Development of a web-based application to improve data collection for antimicrobial point prevalence surveys in the public health care system in South Africa; findings and implications

Dlamini, NN and Meyer, JC and Kruger, D. and Godman, B and Kurdi, A. and Bennie, M. and Schellack, N. (2018) Development of a web-based application to improve data collection for antimicrobial point prevalence surveys in the public health care system in South Africa; findings and implications. In: 4th Training Workshop and Symposium MURIA Group, 2018-06-18 - 2018-06-21. (In Press)

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    Abstract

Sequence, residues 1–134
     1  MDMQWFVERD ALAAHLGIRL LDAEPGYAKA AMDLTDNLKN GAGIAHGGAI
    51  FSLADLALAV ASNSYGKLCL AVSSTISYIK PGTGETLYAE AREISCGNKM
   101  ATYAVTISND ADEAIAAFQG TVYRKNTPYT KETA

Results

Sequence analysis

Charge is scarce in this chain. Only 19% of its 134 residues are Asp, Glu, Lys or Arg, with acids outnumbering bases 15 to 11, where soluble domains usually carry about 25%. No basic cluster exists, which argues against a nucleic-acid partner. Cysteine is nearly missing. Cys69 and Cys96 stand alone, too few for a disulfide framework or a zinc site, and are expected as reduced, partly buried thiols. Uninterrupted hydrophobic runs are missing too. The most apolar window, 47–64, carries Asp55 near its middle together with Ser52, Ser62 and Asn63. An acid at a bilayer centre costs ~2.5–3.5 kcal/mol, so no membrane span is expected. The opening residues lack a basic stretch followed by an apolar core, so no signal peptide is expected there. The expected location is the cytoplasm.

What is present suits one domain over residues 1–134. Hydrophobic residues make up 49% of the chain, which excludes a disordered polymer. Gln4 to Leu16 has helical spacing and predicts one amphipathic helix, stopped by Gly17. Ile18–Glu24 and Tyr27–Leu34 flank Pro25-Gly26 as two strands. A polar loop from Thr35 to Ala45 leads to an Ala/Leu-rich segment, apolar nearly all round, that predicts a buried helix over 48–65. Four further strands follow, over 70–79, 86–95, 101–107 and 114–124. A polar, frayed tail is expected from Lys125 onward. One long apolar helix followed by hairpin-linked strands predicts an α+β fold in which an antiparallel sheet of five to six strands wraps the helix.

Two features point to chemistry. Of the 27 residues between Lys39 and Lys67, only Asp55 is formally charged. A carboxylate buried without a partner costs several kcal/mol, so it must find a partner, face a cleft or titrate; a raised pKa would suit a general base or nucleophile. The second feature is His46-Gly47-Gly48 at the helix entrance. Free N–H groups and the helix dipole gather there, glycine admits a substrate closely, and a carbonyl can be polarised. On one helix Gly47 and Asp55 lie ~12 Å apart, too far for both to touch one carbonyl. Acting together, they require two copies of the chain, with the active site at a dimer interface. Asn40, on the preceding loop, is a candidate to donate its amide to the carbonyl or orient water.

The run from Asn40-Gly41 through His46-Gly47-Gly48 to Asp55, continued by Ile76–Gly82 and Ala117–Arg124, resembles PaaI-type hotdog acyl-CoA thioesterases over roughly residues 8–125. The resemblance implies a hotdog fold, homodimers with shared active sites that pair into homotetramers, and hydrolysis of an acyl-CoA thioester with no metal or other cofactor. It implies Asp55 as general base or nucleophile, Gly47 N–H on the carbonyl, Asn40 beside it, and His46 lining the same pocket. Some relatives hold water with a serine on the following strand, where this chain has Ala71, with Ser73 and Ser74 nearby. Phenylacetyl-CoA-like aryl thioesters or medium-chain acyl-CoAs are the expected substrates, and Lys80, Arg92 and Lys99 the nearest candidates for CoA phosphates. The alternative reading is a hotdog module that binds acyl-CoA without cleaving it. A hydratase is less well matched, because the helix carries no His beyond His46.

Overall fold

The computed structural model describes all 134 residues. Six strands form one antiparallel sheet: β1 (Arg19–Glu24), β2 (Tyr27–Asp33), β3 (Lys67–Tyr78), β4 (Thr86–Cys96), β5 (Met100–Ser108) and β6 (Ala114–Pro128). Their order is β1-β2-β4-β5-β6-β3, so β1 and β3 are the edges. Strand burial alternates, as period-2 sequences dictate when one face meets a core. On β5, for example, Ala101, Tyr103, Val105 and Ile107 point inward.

Background: Surveillance of antimicrobial use is one of the main recommended strategies in combating growing antimicrobial resistance (AMR) rates and a key part of developing pertinent policies and initiatives to reduce growing AMR rates in South Africa and wider. However, determining antimicrobial utilisation at a patient-level among public hospitals in South Africa can be a challenge given personnel and resource constraints. There are also currently no standardized data collection tools. Most countries in Africa currently undertake antimicrobial utilisation surveillance using paper-based data collection tools including point prevalence surveys (PPS). Unfortunately, paper-based systems have disadvantages including the time taken to complete the forms and analyse the findings, increasing costs and manpower hurdles. Electronic tools offer many advantages including mobile and real time data collection and also the opportunity for rapid analytics. Objectives: Develop and test a web-based application (APP) for future PPS studies to successfully address identified challenges. Methods: A web based application (APP) was developed based on previous PPS in Botswana and South Africa using a paper-based data collection tool and tested during July 2017 in a leading public hospital in South Africa. The developed APP was also evaluated for data quality by measuring the number of errors, work flow, and time taken for the survey versus the previous paper-based system. User acceptance was also measured via a questionnaire to the data collectors. Results: A total of 187 patients' files were surveyed in this leading hospital using the APP whilst also documenting the challenges and areas of improvement for the APP. The identified areas of improvement have now been incorporated into the revised APP for future studies. The data collectors agreed that surveying the patients' files took appreciably less time with the APP compared to the paper based tool, and should be used in the future. In addition, data analysis was hastened using the APP. Conclusions: The APP development process has been successful and the APP is a potential tool for future PPS in South Africa and wider. The APP methodology is now being tested in new studies across South Africa to help instigate pertinent educational and other interventions to improve the future use of antimicrobials among public hospitals in South Africa.